The development will help YWCA Hamilton, which was founded in 1900, continue housing residents in need “by providing a safe, supportive living environment, along with comprehensive services that focus on providing trauma informed care,” the organization said in its announcement of the state decision. “Butler County is part of a region identified as having the highest need in the state for supportive housing.”
Dan Bates, president and CEO of the Greater Hamilton Chamber of Commerce, called it “an amazing accomplishment.”
“I think this is a turning-point in their history, that when people talk about the YWCA decades from now, they’ll be talking about her (Waters-Connell’s) leadership and what it has done to completely change the future of the organization,” Bates said.
The YWCA won $1 million in housing tax credits, and $1.75 million in short-term, low-interest loans from the Ohio Housing Finance Agency. It was a competitive process: Of $76.3 million in tax credits requested statewide, $31.7 million were granted. And of $106.6 million in loans sought, $48.1 million were reserved.
“The YWCA stands ready to expand, through a new building, to provide state-of-the-art accommodations for the individuals we serve,” Waters-Connell said. “These will all be one-bedroom, fully-equipped-kitchen apartments, and that’s what’s needed in the future for those who are chronically homeless and have disabilities.”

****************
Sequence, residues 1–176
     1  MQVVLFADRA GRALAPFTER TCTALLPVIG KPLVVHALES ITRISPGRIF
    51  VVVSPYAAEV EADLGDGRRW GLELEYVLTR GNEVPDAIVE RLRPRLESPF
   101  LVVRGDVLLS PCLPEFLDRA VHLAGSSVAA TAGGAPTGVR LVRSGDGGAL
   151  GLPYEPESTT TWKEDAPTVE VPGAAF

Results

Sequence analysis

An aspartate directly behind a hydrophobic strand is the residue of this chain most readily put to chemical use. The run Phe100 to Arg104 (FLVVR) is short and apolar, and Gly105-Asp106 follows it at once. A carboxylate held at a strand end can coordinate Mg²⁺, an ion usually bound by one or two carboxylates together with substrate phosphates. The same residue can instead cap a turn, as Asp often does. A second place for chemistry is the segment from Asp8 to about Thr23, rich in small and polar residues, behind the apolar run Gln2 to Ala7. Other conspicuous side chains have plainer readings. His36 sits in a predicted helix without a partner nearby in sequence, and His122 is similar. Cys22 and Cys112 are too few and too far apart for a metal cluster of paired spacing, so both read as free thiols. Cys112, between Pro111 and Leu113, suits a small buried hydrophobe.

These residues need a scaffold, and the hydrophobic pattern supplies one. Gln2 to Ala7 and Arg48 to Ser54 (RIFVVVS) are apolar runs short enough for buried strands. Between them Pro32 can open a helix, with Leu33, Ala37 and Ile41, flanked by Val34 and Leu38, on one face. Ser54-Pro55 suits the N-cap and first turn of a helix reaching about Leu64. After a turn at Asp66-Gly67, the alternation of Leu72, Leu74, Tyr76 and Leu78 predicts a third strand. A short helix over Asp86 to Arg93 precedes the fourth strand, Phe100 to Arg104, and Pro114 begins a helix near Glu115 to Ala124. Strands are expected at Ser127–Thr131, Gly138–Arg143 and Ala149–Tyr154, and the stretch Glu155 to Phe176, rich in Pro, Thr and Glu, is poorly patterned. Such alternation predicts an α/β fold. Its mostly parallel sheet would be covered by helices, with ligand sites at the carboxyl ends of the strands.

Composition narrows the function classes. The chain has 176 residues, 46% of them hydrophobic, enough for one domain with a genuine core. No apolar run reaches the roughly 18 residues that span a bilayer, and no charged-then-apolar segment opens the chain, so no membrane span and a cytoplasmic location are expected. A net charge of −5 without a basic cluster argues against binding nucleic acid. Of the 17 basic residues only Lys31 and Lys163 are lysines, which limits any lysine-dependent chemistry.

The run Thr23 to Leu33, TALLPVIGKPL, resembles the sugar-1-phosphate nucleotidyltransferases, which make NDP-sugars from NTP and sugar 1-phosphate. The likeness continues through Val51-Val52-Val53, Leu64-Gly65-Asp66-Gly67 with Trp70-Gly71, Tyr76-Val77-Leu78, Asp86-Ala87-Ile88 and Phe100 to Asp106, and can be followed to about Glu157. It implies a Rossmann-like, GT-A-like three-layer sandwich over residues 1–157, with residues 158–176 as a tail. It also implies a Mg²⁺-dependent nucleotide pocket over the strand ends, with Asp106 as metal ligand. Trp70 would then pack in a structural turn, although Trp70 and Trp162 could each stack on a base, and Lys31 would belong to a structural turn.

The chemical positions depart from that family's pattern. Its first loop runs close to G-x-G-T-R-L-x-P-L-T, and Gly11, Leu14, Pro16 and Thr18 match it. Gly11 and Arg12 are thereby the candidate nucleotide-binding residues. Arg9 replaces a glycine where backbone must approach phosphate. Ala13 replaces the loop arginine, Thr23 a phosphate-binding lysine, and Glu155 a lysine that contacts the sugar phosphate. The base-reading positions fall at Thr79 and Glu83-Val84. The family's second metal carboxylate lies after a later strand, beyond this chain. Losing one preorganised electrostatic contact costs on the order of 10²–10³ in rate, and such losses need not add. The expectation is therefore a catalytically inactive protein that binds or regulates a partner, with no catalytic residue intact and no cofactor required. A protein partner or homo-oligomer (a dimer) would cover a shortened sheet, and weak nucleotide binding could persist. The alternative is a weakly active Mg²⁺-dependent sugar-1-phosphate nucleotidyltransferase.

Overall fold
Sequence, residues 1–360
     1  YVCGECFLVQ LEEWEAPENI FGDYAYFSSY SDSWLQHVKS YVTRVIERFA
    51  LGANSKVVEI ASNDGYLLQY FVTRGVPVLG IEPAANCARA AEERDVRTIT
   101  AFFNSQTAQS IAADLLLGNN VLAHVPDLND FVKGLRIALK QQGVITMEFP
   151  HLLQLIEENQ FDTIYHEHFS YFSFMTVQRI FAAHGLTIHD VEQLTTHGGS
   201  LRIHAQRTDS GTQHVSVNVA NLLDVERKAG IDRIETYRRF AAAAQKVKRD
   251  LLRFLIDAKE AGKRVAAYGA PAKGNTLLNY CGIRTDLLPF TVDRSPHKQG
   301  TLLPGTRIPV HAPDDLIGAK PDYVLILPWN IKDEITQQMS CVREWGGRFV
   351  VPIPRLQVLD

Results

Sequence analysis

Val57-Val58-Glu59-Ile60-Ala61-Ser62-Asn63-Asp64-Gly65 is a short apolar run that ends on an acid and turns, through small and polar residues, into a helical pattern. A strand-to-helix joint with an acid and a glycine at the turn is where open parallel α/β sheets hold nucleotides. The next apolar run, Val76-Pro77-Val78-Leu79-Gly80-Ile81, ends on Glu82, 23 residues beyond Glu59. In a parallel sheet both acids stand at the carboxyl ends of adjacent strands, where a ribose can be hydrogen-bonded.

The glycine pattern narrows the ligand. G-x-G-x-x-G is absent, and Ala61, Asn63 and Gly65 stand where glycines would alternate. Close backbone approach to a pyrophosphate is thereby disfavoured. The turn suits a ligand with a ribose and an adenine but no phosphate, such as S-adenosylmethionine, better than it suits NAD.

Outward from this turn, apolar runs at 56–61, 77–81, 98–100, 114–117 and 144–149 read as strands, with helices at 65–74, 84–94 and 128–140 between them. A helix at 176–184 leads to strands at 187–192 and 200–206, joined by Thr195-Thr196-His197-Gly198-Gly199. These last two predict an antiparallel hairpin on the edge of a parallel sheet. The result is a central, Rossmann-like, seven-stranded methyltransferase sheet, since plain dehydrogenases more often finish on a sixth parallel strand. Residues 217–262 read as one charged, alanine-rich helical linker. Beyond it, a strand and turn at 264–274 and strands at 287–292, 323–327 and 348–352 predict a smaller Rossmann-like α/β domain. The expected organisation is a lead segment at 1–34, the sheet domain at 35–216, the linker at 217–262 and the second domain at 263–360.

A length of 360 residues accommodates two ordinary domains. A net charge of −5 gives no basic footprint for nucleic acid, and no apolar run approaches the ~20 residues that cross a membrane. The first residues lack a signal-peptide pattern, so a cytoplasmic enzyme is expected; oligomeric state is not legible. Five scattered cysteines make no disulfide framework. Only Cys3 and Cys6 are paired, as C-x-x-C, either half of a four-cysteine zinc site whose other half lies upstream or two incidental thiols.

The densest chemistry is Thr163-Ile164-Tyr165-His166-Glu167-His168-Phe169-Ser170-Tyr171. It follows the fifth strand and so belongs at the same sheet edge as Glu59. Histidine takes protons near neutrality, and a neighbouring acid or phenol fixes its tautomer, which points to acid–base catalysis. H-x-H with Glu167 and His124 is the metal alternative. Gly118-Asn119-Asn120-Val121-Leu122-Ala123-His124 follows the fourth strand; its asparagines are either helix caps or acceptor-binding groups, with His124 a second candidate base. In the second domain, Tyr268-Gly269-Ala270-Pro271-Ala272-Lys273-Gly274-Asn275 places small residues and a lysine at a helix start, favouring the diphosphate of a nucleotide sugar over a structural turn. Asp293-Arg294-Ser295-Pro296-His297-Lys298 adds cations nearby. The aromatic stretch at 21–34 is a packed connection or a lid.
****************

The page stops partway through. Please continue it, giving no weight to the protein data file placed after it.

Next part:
“And we will further be able to expand our domestic-violence services to survivors,” she said.
“This is a transformational moment for the YWCA mission, but more importantly, it’s a transformational moment for our county, and the people that we serve, by adding a brand-new building that will meet their needs.”
“Now that we have the grant officially awarded to us, we will go back and formally apply for those funds from those two entities,” Waters-Connell said.
The Y hopes to receive $400,000 from Butler County and $300,000 from Hamilton, from such sources as Community Development Block Grant (CDBG) funds, which are aimed at helping the poor, and HOME Investment Partnership Program funds, the federal money aimed at helping low-and very-low-income increase home ownership.
All YWCA programming except for the youth programming has been continuing during the coronavirus crisis in the Y’s existing building in downtown Hamilton, which has been in use since 1931.